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Cane made from a wild cherry tree that grew over the grave of Moses Austin
Title: Cane made from a wild cherry tree that grew over the grave of Moses Austin
Description: Slim cane, brown wood, with the appearance of a prickly tree limb. Glossy surface.
Description: Historical Note: This cane was made from a wild cherry tree that grew over the grave of Moses Austin at Potosi, Missouri. Moses Austin was born October 4, 1761, in Durham, Connecticut. He married Mary Brown in 1785 and the couple had five children, including Stephen Fuller Austin. Moses founded his own dry goods company (Moses Austin and Co.) and in 1789 won the Virginia state contract to provide a lead roof for the new capitol building. His innovative business and mining strategies earned Austin credit for founding the lead industry in the United States. Though he amassed a considerable fortune from his lead mining ventures, the failure of the Bank of St. Louis sent Austin into debt. So he devised a plan to colonize Spanish-controlled Texas with Anglo settlers. He travelled to Texas and won the approval of the Spanish governor in 1820, but his health soon failed. Suffering from pneumonia contracted in Texas, Moses Austin died on June 10, 1821. His final wishes were that his son Stephen carry on with his plans to colonize Texas.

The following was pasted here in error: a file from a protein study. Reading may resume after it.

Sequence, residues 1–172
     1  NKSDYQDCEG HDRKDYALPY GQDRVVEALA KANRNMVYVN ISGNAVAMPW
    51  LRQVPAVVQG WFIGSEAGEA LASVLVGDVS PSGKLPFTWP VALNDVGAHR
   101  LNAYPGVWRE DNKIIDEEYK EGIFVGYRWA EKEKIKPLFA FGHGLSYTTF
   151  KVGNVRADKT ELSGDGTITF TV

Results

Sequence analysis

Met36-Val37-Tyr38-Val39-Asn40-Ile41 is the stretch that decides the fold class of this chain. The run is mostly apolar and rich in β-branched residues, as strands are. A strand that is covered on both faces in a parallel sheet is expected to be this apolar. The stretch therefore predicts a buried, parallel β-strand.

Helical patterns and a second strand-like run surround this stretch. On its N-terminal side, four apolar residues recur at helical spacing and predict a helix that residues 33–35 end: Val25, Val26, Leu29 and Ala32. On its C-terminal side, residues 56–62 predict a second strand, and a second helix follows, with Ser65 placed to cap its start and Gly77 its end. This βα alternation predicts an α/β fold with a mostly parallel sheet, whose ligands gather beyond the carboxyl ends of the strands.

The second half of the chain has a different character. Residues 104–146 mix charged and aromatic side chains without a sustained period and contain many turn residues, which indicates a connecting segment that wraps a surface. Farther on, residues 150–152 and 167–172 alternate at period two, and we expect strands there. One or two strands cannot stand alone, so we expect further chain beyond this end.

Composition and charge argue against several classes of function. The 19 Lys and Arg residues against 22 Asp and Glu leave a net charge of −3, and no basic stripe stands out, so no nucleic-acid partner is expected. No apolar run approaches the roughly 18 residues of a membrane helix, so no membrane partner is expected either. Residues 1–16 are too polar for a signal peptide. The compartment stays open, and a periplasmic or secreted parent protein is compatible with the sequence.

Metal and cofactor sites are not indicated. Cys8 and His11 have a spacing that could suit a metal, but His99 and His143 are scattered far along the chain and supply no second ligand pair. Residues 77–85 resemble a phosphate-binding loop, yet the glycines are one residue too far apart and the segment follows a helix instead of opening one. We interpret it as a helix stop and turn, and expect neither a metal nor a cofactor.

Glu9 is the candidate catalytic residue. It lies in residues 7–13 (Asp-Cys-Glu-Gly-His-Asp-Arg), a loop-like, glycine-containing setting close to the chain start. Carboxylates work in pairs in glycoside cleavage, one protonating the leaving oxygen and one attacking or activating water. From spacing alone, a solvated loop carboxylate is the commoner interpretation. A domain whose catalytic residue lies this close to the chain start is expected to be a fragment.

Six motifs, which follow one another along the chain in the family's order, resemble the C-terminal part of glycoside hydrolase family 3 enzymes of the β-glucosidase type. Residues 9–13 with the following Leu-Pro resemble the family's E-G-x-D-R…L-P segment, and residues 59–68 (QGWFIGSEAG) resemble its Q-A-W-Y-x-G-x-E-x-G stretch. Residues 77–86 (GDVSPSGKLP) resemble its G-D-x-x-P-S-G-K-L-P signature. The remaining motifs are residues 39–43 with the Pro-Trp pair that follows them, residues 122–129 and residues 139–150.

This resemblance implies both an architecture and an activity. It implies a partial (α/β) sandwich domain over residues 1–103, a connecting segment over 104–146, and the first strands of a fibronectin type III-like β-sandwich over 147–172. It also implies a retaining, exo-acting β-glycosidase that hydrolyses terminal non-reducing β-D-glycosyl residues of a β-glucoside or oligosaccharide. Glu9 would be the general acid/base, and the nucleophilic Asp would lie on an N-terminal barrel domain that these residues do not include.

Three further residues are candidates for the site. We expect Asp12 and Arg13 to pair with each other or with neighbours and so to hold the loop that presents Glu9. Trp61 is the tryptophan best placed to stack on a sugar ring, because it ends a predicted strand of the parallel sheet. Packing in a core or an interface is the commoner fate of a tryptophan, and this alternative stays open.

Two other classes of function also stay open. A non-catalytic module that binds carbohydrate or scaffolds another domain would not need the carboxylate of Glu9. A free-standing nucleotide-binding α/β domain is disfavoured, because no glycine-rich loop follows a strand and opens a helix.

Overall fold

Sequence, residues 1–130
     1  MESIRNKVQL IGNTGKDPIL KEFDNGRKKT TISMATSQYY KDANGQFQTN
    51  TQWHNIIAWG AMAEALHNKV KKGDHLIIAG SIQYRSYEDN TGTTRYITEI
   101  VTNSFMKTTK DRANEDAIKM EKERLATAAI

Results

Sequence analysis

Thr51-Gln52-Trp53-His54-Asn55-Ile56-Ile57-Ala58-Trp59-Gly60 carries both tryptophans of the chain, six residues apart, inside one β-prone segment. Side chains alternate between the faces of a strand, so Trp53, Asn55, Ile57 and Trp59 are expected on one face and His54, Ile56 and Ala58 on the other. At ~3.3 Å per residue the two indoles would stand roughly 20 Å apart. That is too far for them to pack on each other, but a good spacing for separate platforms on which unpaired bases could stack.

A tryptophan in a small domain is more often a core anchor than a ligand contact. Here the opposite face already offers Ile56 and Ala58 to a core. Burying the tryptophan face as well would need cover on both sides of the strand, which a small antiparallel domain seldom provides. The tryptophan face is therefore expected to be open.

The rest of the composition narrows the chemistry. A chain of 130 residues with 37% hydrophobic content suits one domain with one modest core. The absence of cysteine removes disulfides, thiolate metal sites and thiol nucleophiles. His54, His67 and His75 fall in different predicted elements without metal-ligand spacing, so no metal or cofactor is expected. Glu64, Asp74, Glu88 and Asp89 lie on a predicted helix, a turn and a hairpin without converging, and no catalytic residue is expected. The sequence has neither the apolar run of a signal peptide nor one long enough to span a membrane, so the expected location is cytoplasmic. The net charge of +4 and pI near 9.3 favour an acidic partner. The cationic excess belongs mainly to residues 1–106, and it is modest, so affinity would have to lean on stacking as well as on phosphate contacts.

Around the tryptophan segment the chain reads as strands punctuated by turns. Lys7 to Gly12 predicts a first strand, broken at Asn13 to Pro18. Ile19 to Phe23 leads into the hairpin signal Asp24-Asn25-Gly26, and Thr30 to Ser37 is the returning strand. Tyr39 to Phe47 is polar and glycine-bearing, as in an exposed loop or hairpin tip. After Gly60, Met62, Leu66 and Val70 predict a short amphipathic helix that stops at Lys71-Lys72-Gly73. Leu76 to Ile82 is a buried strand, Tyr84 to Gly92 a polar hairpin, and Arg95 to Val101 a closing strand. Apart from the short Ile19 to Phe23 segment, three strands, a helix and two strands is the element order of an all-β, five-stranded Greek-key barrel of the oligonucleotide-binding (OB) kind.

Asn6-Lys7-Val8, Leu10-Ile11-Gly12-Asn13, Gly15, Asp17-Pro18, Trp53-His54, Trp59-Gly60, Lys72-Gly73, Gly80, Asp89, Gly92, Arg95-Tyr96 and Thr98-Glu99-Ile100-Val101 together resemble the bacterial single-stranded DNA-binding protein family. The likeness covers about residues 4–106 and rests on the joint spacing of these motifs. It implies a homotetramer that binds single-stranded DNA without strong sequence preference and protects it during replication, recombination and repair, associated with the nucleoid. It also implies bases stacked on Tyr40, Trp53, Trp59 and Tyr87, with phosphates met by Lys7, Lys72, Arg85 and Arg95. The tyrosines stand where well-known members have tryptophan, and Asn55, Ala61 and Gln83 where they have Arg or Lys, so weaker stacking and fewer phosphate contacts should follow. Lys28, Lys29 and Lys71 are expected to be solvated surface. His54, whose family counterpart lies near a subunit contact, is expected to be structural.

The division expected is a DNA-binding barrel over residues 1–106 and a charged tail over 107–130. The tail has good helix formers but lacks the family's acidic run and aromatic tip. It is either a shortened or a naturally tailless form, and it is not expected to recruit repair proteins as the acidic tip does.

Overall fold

Description: Related Collection: Moses Austin Papers at the Dolph Briscoe Center for American History.
Citation information: ATF0400, Artifacts collection. Archives and Information Services Division, Texas State Library and Archives Commission.
Copyright information: This image is in the Public Domain under the laws of the United States. The Item and its design depicted in this image may be protected by copyright, patents, trademarks, or other related rights. You are free to use this image in any way that is permitted by the copyright and related rights legislation that applies to your use. Unless expressly stated otherwise, Texas State Library and Archives Commission makes no warranties about the Item and cannot guarantee the accuracy of this Rights Statement. You are responsible for your own use. Please contact the Texas State Library and Archives Commission for more information. You may need to obtain other permissions for your intended use. For example, other rights such as publicity, privacy or moral rights may limit how you may use the material.